“Five minutes, five hours or five days” – how we can inspire each other to volunteer

Rob Wilson was appointed as Minister for Civil Society on 27 September 2014. He was elected the Conservative MP for Reading East in 2005. Rob made his name as an entrepreneur, building small businesses. He played a leading role in securing a number of major investments in the Reading East area.

On the fifth day of what has already been a very energetic Volunteers’ Week, it has been fantastic to witness first-hand the outstanding contribution of volunteers across the country who are helping to build a bigger, stronger society.

The week for me has been focused on meeting inspirational volunteers, hearing their stories and learning what motivates them to do such great things. I’ve asked them, as the people on the ground, what I can do to empower them to create stronger, more resilient, more capable communities up and down the country.

Meeting volunteers

I met an incredible group of volunteers when I visited the head office and classrooms of ‘IntoUniversity’ in west London this week. ‘IntoUniversity’ is a charity which works to inspire young people from disadvantaged, inner city backgrounds to get a place at university. Thanks to the mentoring and tutoring of its 1500 young volunteers and part funded by the Cabinet Office, IntoUniversity is bringing higher education within their reach, opening up new opportunities and careers for people who want to work hard and get on in life.

I also hosted my first ever Google+ Hangout with three inspiring winners of the Prime Minister’s ‘Points of Light’ Award for volunteering. Jackie Patton, Ian Northcote and Danny Glavin all shared their remarkable stories with me, and explained how they became active volunteers in their communities.

Ian, who is Point of Light number 52, is a retired Birmingham police officer who uses his talent for singing to help the homeless by busking on the streets of Birmingham. He also devotes thousands of hours collecting socks, hats, gloves, sleeping bags and chocolate from members of the public and businesses to make their life more comfortable. Ian himself was inspired by the selfless actions of a homeless man 18 years ago who helped protect him from a gang of youths, but it is now Ian who inspires others to volunteer with his actions.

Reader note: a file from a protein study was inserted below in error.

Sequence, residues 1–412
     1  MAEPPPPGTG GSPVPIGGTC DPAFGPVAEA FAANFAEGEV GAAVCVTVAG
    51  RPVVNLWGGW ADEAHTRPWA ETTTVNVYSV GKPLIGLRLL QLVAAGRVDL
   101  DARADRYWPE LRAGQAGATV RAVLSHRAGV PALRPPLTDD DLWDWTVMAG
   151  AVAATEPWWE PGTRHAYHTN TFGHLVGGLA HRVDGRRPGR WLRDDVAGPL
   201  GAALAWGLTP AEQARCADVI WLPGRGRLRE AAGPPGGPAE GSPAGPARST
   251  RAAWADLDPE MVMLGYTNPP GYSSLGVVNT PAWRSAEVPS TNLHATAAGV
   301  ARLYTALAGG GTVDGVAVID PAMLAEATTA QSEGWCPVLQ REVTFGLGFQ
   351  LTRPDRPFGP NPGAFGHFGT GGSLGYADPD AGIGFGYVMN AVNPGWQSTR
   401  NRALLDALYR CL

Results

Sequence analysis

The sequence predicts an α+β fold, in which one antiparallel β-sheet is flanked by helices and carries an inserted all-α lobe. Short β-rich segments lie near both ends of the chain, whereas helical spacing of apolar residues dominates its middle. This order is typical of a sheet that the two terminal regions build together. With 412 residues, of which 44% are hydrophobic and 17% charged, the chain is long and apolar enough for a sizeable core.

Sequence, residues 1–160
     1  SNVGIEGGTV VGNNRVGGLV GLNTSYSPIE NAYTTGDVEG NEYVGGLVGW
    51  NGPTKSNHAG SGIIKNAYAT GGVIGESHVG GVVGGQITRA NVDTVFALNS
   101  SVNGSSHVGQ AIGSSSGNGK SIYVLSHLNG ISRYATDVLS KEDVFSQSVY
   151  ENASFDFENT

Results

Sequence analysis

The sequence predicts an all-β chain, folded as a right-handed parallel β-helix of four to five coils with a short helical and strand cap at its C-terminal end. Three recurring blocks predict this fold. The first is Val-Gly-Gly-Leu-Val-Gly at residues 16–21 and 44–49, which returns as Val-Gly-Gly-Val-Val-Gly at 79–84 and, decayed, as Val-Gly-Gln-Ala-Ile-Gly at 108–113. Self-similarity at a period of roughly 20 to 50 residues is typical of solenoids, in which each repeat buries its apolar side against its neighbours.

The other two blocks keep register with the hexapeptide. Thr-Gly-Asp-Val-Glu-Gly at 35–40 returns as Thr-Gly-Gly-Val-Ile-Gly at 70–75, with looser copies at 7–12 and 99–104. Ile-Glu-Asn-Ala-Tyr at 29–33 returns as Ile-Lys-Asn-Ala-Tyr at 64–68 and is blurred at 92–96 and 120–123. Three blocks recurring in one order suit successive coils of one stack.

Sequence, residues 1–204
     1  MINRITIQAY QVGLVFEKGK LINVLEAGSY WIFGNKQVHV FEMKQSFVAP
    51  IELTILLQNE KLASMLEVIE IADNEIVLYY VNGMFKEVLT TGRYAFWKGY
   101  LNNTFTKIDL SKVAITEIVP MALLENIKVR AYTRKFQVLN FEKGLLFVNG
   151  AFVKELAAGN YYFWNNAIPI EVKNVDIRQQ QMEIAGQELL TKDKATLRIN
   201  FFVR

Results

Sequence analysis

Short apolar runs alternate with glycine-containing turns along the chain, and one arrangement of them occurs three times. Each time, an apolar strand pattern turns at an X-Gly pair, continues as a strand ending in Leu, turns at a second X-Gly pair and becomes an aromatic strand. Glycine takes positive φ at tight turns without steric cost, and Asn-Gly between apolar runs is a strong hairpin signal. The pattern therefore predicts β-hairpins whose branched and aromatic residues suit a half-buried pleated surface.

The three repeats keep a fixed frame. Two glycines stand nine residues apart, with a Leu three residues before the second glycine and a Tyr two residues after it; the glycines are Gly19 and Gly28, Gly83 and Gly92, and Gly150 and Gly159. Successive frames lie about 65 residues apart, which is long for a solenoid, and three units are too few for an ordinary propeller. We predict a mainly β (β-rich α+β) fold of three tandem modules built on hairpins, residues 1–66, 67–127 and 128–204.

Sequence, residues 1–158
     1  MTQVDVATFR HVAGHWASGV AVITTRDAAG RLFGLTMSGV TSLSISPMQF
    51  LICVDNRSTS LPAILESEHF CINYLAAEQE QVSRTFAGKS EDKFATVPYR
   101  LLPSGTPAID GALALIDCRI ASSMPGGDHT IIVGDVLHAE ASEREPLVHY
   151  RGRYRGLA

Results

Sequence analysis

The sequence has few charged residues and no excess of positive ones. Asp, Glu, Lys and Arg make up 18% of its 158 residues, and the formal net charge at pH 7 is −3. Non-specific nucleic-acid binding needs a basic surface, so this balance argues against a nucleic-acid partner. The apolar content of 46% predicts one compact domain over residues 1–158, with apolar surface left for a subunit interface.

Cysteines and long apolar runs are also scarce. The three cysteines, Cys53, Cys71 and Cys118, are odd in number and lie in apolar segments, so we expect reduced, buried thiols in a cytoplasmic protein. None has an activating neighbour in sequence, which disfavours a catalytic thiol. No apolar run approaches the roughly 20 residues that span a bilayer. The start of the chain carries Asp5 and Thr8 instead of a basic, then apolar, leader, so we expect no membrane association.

Volunteering should feature in all our lives

Their stories and the stories of the volunteers that support them were all proof that whether you can dedicate five minutes, five hours or five days to volunteering, you can make a real difference – and in doing so inspire others to volunteer.

My personal ambition over the next five years is to make social action and volunteering a feature in the life of almost every person in the UK. In the coming weeks I’ll be setting out in more detail our plans for how we’ll help achieve this. Clearly one of the best ways to achieve this is to inspire by example, as the IntoUniversity volunteers and the winners of the Points of Light Award have demonstrated.

As one of the Points of Light winners rightly said to me, lots of people doing a little bit is much better than few people doing a lot. So let’s remember this Volunteers’ Week that while 74% of the population aged over 16 – an astonishing 32m people – already volunteer, we can, through inspiring each other, build a stronger society.

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One Response to “Five minutes, five hours or five days” – how we can inspire each other to volunteer

  1. Mike Bright says:

    Re: “…lots of people doing a little bit is much better than few people doing a lot.”

    Hope you will be considering the act of encouraging people and orgs to embrace the concept of microvolunteering in the announcements you’ll be making in the next coming weeks.